Alan Wake 2
Comparatively speaking, the cult-classic original Alan Wake makes little more than a sloppy initial version to the excellent survival horror sequel, Alan Wake 2.
Table of Contents
The single-player adventure Alan Wake 2 deftly switches from slow-burning psychological dread and frenetic survival-horror combat, to exquisitely rendered game environments. It also shifts from exquisitely powerful full-motion video sequences, and gruesome investigations to jaw-dropping symphonic shocks.
It’s insane, gory, and, for the most part, excellent. It continues to shine brilliantly like a newly shot signal flare even at the conclusion of an incredible year full of incredible games. Even with a significant increase in complexity, Alan Wake 2’s nearly 17-hour tale, which spans two very different realms, is significantly more logical than the first.
In the present, you play an FBI Agent named Saga Anderson, who has been assigned to the sleepy lakeside town of Bright Falls to look into the newest victim of a string of ritualistic killings. A body is discovered next to Cauldron Lake with a large hole where the heart used to be.
Saga is a charming addition to the bizarre universe. Her dedication to her work is balanced by her enjoyment of lighthearted banter with another Special Agent named Alex Casey.
These first few hours of procedural investigations give the story a realistic foundation before darkness descends and every peaceful hillside turns into a terrifying hellscape.
The case board in Saga’s metaphysical “mind place,” which can be accessed at any time with a button press, plays a big part in making the primary serial killer mystery and its many subplots in Alan Wake II so simple to follow.
To keep everything organized and your attention on the investigation, you have to physically arrange every new piece of evidence, character profile, and foreboding manuscript page that you find in Bright Falls and its environs into a branching tree of red rope and palm cards that are pinned to the wall.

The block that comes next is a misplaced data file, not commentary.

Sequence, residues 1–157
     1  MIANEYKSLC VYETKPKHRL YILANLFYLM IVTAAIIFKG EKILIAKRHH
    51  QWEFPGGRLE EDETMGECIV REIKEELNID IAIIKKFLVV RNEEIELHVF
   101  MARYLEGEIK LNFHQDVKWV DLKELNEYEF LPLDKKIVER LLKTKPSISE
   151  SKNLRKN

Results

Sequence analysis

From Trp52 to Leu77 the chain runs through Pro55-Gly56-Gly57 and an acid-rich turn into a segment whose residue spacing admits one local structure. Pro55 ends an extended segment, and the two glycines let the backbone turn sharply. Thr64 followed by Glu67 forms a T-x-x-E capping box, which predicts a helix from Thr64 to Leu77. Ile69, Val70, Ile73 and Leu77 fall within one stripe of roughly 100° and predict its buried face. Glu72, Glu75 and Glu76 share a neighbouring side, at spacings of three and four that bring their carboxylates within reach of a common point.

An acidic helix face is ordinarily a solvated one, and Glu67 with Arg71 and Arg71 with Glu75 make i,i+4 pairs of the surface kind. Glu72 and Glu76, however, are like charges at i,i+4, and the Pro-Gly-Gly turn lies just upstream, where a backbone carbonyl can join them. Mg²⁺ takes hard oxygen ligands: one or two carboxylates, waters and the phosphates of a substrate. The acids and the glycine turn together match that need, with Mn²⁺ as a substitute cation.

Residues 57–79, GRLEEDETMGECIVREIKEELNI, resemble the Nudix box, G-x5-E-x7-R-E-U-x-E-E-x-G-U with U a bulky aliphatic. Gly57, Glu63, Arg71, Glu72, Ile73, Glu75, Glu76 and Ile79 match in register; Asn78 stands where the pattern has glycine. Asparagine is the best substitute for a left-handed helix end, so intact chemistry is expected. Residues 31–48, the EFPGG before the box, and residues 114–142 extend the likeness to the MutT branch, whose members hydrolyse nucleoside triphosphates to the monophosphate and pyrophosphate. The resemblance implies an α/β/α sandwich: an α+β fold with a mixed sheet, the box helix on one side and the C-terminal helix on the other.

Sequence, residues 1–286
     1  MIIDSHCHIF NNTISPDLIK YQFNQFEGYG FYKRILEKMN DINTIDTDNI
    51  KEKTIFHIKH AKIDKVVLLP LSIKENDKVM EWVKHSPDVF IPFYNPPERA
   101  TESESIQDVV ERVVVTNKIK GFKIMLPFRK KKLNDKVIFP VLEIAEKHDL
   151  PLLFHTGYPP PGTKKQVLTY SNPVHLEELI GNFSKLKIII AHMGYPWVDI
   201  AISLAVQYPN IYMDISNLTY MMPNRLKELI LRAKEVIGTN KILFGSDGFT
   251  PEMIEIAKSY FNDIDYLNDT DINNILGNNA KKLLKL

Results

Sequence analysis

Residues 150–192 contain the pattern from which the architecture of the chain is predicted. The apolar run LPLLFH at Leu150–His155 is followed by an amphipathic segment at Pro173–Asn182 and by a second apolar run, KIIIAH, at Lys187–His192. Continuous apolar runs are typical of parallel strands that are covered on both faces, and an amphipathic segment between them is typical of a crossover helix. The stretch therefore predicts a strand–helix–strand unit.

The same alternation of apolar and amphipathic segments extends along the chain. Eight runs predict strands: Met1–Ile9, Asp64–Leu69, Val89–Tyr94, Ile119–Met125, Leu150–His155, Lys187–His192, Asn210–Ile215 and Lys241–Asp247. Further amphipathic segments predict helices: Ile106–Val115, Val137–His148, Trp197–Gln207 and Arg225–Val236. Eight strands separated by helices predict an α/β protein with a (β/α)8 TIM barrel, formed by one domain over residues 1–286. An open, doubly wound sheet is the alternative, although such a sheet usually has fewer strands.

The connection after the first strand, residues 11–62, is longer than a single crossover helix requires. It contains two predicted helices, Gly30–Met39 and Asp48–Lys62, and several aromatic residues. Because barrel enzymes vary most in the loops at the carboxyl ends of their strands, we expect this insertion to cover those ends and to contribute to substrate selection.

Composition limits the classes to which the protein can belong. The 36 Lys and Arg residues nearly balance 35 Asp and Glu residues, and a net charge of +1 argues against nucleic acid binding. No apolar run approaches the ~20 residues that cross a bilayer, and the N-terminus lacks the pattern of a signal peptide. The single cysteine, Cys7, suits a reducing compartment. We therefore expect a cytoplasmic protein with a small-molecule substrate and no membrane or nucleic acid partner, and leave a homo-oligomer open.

I enjoyed having this built-in way of verifying the facts because, let’s face it, I couldn’t watch a season of True Detective (at least, not the good ones) without keeping one eye on TV.
Early in Alan Wake 2’s narrative, Saga’s inquiry uncovers more disturbing details than it does answers. For example, why do so many people act as though they have known Saga for years?
And why did that body just up and drag its nude behind into the woods from the morgue? Alan Wake 2’s tone is always set to a tense one, even if the difficulty level may be changed to three different settings.
A Survival-Horror Tale
When Alan Wake washes up on the edge of Cauldron Lake, talking wildly about the Dark Place and shocked to hear that he’s been absent for the previous 13 years. The mystery only becomes deeper. Alan Wake 2 then deviates significantly.
From this point on, the viewpoint alternates between Alan’s desperate attempts to flee his doomed Dark Place dimension and Saga’s quest for the truth in Bright Falls.
Both sides gradually blend into one another in increasingly strange and disorienting ways, to the point where I found it difficult to tell fact from fiction then, after a long while, coming to a perfectly crafted gut-punch of a conclusion that cleanly wraps up the most of the tale strands while tantalizingly leaving a few hanging.
While the lakeside shores of Bright Falls offer some breathtaking sunset scenes and detail-rich forest surrounds, it’s the gritty, neon-soaked New York plaza setting of Alan’s stages that really showcase the enormous skill of Remedy’s team of artists. The seductive power of its contrasting settings only serves to heighten its mystery.
From the graffiti-covered construction areas to the menacing expanse of subway tunnels that lie beneath its surface, this rotten slice of the Big Apple is a haunting otherworld that I found consistently compelling to explore. It resembles the kind of nightmare you might have after spending 24 hours eating cheese and watching Taxi Driver and Mean Streets on repeat.